Since you are an artist, my thought is to build a giant art installation that is please to you at the lake, but might be considered an eyesore by someone who had to build a big house with no character.

Lynda Shoup said...

I can imagine how heartbreaking this was for you. It's so hard when the environment around us changes. I remember how bewildered I was when it was decided that the interstate should go through my Grandfather's backyard. It decimated the garden that he had always tended. I remember that Grandpa consoled me by telling me that he now had a modern garage in exchange. More recently I found myself being horrified when a couple of acres of forest along the road I commute was raised. I wondered what was to be built. Two years later and the answer is - nothing. Nothing at all, but the trees are making a comeback. The land lives despite it all. So I wonder. I wonder if the trees will be allowed to do their thing when they reappear. I wonder whether your hydrangeas and lilacs will be a balm to your soul. I wonder whether, with time, things will settle into something better. I hope so. I surely hope so.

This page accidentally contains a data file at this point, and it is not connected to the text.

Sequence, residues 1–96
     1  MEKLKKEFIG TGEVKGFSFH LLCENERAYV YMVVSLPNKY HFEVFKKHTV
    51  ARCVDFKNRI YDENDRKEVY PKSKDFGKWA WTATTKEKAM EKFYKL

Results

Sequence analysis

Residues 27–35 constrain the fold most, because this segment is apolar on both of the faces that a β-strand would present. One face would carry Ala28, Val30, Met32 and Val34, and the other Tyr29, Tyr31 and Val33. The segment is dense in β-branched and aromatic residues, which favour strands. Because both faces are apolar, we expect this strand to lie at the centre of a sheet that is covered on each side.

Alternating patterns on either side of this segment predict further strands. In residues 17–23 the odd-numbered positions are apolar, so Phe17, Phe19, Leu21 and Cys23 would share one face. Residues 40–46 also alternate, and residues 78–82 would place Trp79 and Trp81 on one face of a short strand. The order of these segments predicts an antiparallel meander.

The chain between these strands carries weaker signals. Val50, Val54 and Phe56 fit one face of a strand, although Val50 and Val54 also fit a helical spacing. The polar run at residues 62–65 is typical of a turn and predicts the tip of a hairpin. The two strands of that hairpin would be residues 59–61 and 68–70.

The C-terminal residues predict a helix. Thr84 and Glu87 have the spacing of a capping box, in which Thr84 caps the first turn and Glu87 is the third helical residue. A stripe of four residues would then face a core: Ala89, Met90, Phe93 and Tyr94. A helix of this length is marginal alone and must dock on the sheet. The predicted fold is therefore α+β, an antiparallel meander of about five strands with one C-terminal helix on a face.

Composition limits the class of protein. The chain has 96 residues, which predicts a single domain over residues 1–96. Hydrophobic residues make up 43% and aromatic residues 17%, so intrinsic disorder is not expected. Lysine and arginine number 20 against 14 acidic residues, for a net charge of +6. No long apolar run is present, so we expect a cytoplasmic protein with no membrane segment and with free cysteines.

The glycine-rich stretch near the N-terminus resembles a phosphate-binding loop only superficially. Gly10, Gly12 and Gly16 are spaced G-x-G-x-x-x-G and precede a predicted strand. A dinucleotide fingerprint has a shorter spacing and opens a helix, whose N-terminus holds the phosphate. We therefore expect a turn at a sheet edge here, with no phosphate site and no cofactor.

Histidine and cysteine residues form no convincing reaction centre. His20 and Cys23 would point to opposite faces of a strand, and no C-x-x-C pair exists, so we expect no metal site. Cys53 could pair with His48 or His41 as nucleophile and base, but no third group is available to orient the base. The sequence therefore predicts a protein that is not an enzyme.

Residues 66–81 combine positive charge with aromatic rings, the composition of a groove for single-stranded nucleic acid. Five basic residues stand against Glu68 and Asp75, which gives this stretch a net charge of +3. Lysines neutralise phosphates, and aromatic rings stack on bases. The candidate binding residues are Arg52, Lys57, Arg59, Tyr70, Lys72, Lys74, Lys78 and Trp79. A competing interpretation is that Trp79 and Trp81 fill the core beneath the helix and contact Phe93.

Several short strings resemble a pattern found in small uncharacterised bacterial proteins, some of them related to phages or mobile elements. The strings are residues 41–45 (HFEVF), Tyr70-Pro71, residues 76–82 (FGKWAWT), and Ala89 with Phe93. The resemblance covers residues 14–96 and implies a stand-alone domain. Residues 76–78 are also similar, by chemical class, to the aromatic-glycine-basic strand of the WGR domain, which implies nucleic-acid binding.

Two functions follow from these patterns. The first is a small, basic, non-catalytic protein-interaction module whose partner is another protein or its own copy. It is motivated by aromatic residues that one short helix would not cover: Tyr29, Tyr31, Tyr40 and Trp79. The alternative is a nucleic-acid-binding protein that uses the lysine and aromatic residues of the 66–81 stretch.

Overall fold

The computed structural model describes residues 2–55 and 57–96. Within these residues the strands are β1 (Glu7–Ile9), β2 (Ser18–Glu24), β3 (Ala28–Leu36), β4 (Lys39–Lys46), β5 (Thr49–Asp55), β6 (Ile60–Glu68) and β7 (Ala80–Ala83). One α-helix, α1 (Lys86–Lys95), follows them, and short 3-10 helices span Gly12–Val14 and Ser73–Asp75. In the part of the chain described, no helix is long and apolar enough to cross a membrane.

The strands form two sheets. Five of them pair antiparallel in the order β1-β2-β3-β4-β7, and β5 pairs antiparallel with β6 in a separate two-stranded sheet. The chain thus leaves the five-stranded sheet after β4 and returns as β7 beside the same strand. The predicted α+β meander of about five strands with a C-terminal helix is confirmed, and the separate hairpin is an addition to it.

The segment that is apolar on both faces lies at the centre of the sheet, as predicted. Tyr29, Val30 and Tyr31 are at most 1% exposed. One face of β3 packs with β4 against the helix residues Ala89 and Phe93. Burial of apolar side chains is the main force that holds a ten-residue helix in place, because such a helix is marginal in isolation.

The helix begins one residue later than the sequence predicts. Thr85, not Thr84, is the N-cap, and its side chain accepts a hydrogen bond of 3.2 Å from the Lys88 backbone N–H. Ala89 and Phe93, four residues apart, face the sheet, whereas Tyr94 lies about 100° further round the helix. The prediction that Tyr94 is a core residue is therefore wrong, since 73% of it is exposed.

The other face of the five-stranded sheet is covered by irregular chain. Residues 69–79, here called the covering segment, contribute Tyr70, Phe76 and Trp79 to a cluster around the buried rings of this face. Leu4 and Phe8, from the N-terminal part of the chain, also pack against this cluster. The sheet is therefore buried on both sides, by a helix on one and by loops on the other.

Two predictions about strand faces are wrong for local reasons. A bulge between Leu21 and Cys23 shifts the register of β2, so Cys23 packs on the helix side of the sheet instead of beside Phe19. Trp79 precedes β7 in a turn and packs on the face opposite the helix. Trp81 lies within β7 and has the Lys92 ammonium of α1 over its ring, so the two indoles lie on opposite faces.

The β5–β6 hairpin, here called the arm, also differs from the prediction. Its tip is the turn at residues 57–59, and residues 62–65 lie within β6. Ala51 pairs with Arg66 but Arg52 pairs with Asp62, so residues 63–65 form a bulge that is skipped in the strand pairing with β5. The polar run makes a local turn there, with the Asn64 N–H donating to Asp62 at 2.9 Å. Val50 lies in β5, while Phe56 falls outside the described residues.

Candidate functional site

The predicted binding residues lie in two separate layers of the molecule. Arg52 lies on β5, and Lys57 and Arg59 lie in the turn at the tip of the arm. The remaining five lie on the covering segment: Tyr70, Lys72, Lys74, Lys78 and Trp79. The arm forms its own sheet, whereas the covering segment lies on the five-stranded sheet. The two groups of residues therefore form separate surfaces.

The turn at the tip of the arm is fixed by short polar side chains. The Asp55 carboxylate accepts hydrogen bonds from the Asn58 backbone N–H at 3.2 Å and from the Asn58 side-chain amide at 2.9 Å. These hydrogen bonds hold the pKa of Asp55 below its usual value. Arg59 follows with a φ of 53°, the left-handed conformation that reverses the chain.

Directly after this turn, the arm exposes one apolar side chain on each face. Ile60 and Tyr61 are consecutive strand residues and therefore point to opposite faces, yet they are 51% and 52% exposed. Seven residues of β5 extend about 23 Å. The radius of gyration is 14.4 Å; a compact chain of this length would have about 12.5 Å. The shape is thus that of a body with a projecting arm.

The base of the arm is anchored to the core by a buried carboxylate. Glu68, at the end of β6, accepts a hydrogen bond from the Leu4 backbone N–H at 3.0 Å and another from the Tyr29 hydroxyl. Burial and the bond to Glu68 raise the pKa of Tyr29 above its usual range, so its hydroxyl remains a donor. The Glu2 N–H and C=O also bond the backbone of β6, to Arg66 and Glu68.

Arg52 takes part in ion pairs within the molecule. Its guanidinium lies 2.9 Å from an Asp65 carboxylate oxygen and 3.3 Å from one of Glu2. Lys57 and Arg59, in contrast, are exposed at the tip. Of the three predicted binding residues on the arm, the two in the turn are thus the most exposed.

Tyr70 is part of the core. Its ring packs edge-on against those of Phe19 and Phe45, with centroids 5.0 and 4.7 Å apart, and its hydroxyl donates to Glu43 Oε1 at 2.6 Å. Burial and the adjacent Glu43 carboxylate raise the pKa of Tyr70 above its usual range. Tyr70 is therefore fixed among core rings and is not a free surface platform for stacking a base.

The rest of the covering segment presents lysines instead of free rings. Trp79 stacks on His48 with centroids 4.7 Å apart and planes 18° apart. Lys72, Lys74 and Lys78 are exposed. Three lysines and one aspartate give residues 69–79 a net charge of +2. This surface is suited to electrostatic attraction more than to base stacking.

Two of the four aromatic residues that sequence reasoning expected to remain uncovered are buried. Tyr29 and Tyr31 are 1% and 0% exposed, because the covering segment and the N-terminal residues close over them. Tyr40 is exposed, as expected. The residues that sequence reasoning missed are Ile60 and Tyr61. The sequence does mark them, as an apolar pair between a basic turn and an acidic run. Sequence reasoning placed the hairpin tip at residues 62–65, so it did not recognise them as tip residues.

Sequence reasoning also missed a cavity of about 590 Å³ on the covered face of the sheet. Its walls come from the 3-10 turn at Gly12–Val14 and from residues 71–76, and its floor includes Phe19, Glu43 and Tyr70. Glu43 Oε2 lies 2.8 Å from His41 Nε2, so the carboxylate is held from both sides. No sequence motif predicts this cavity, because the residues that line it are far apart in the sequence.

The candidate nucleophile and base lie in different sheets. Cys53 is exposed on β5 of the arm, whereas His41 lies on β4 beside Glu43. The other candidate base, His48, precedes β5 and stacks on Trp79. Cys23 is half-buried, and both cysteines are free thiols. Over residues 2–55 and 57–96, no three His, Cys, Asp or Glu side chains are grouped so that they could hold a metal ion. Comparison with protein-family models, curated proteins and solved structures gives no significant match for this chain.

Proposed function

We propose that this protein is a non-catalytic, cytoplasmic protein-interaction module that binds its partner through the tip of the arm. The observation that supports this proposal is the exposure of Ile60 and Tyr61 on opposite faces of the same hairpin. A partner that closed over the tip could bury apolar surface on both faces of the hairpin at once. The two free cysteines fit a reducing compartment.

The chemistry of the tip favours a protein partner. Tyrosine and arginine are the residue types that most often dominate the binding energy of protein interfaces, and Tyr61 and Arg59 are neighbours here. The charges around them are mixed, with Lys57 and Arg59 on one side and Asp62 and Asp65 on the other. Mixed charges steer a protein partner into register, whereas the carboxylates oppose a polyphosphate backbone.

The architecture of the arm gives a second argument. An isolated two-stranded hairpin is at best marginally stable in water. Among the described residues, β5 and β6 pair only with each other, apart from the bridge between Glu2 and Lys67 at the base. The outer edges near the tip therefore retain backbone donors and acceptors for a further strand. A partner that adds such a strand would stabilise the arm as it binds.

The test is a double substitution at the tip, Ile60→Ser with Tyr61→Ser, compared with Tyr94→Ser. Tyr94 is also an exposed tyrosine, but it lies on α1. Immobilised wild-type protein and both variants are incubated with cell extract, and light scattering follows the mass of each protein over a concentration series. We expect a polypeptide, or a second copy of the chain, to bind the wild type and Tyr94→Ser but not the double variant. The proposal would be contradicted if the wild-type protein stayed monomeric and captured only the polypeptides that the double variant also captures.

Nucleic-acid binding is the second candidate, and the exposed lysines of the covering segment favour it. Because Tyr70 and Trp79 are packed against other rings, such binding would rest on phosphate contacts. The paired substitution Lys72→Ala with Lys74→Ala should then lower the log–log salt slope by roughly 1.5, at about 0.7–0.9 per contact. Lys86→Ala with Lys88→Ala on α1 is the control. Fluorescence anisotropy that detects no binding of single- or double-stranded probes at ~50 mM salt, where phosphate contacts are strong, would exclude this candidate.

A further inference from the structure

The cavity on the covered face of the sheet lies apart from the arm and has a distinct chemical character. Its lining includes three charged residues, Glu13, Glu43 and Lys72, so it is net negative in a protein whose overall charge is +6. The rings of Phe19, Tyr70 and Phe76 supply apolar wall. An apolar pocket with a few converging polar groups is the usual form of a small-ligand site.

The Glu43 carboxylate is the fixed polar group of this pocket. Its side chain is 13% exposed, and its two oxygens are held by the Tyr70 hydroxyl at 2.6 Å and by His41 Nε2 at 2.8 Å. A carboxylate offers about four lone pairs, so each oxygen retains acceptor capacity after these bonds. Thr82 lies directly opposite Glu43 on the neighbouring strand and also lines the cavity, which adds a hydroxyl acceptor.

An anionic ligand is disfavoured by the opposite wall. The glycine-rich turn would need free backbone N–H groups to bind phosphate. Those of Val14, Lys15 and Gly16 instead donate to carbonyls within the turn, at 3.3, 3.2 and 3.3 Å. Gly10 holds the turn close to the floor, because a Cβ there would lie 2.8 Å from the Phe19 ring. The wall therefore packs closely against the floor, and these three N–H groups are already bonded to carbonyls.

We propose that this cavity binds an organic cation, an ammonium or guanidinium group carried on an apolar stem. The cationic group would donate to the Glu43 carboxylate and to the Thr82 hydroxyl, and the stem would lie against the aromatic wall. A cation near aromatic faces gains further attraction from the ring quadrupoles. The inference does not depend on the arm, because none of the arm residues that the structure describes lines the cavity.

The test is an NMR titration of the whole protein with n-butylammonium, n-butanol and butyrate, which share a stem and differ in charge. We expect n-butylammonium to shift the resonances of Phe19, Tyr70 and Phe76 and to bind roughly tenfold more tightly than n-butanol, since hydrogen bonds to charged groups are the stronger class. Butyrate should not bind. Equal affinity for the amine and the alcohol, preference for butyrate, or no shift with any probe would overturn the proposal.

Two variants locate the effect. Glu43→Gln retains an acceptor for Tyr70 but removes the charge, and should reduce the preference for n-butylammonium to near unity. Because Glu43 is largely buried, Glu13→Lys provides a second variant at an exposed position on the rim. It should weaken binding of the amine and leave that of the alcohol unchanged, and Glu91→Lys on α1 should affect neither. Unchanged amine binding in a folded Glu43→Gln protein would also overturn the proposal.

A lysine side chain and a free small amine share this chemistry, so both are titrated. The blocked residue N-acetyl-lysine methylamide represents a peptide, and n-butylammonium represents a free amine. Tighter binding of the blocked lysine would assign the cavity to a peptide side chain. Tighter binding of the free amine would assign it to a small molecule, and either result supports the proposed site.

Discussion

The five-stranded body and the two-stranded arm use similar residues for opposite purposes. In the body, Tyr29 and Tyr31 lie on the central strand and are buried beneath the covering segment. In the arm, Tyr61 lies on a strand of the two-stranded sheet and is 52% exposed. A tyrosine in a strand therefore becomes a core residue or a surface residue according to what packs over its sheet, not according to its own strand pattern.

Angelsdoor * Penny said...

Dear Jeanie,
What can I say. I am just stunned. Seeing Rick standing next to all the beautiful old pines cut down just makes my heart sick.
Eulah... What a sweet looking woman she was.. I am sure she would have never thought that this would be the future for the property. How very sad.
I love your before photos.
blessings, dear friend.
Penny

P.s. Thank you so much for your most kind words.. I am truly humbled.

Red Rose Alley said...